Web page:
Following the routinization of assisted reproduction in the industrialized world, technologies such as in vitro fertilization, preimplantation genetic diagnosis, and DNA-based paternity testing have traveled globally and are now being offered to couples in numerous non-Western countries. This volume explores the application and impact of these advanced reproductive and genetic technologies in societies across the globe. By highlighting both the cross-cultural similarities and diverse meanings that technologies may assume as they enter multiple contexts, the book aims to foster understanding of both the technologies and the settings. Enhanced by cross-cultural perspectives, the book addresses the challenges that globalization presents to local understandings of science, technology, and medicine.
The sociology of masculinity began to assume real significance from the late 1980s onwards. Part of "Critical Concepts in Sociology" series, this five volume set brings together material in the field, and serves as a useful resource for scholars and students.
Masculinities in a Global Era extends the conversation of masculinity studies by analyzing global masculinities from a psychological perspective. Canvassing a broad array of psychological aspects such as the construction of identity, the negotiation of power, coping with trauma, and sexuality, this volume shows how masculinities are experienced, performed and embodied in geographically dispersed communities. Importantly, Masculinities in a Global Era fulfills a much-needed but elusive need within the study of masculinities: a forum in which the often polarized approaches of pro-feminists and men’s rights advocates can begin to move beyond their entrenched historical positions towards a more fruitful and nuanced future.
Professor Department of Sociology Michael S Kimmel
Author: Professor Department of Sociology Michael S Kimmel
Category: Social Science
The Handbook of Studies on Men and Masculinities is an interdisciplinary and international culmination of the growth of men's studies that also offers insight about future directions for the field. The Handbook provides a broad view of masculinities primarily across the social sciences, with the inclusion of important debates in some areas of the humanities and natural sciences. The various approaches presented in this Handbook range across different disciplines, theoretical perspectives, methodologies, and conceptualizations in relation to the topic of men. Editors Michael S. Kimmel, Jeff Hearn, and Robert W. Connell have assembled an esteemed group of contributors who are among the best-known experts in their particular fields.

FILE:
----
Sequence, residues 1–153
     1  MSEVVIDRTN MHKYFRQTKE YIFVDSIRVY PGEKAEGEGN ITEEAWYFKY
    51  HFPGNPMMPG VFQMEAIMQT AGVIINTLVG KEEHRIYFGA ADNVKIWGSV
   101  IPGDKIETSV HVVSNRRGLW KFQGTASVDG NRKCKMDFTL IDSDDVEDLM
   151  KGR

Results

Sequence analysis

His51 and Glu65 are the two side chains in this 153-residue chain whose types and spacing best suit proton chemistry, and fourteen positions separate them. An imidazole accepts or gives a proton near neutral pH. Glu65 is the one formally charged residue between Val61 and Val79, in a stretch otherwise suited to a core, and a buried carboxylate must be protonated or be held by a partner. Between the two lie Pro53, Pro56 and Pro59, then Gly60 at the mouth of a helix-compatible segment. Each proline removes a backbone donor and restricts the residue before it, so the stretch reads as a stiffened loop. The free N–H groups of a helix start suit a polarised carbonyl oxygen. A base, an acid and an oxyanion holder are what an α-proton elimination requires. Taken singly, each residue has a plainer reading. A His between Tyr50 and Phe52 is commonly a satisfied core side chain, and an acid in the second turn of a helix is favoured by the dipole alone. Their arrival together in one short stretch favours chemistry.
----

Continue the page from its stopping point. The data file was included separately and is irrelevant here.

Critical Studies of Masculinities and the Migration Experience
Author: Mike Donaldson
Category: Social Science
This edited volume contributes an important collection of chapters to the growing theoretical and empirical work being undertaken at the international level on men and migration. The chapters presented here focus on what we might call ‘migratory masculinities': the experiences men have of masculinity upon immigration into another national, ethnic, and cultural context. How do these men (re)construct their conceptions of masculinity? Where are the points of tension, ambivalence or assimilation in this process? Featuring interviews and data drawn from migrants working and living in Australia, this book explores how the gender identity of men from non-English-speaking backgrounds is influenced by the experiences of migration and settlement in an English-speaking culture, across various cultural spheres such as work, leisure, family life and religion.
This work explores the complex interplay between race/ethnicity, religion, masculinity and social class within Muslim boys' lives. Attention is also given to the role of the teacher/researcher in relation to the boys' constructions of Muslim masculinities.